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The book and the kiosk

Publication Date:  30 July 2013

It has been pointed out that if you ever see a copy of Audubon's Birds of America lying round a junk shop, you should consider buying it.

It should stand out being a double elephant folio, an enormous 100cm x 67cm allowing life-size engravings of its subjects. Even by today's standards, the vividness of its illustrations is extraordinary but when it was being released in the 1830s it was mindboggling.

Even so it may be hard to track down. All but 13 of the 120 remaining copies are held in museums, libraries and universities around the world. The University of Michigan has a copy, the University of Pittsburgh has a copy, Sheikh Saud Al-Thani of Qatar has a copy, having paid $8.8 million for it at Christie's in 2000.

Liverpool Central Library also has a copy.

But having got a copy how should they present this astounding book? An important question as the wonderfully refurbished Central Library comes with a £55 million price tag and the need to attract 1 million visitors a year. To this end it is as much tourist attraction as library, and Birds of America is its biggest draw.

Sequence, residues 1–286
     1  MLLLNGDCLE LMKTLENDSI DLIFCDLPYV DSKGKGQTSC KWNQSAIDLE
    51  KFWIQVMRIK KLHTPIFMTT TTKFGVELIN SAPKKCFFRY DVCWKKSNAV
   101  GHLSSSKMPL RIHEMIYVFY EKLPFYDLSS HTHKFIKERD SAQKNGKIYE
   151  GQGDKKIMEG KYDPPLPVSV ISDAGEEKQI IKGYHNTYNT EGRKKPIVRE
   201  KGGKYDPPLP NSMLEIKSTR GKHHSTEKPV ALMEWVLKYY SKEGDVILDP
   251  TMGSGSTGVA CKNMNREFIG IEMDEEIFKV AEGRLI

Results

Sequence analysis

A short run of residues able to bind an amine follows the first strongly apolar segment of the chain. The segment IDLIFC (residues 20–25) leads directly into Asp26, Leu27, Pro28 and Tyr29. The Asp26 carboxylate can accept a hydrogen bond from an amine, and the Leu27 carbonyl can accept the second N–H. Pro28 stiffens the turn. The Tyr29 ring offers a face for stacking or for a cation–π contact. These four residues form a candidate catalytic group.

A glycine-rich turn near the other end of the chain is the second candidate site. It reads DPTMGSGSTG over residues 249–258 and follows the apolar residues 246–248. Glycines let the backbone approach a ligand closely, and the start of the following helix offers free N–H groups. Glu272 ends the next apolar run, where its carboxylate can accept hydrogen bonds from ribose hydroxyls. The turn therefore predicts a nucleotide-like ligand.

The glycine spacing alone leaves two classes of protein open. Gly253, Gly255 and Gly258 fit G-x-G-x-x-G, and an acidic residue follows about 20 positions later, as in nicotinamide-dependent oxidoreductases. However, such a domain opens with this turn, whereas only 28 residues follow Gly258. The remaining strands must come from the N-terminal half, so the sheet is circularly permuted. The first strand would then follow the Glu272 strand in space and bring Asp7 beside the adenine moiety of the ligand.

As the artefact itself is kept in a glass climate controlled case, with a new page being unveiled each Monday morning only the truly dedicated are likely to get to view the whole thing. True you could view it at http://www.lib.umich.edu/pictureit/bin/Volume_1.1/main.html  but at the loss of any sense of scale and occasion.

How then have Liverpool City Council enabled residents and tourists alike to view the full folio, at full size, and in the dramatic setting of the beautifully restored Oak Room?

The book and the kiosk - 1

The book and the kiosk 2

That will be the Ev5.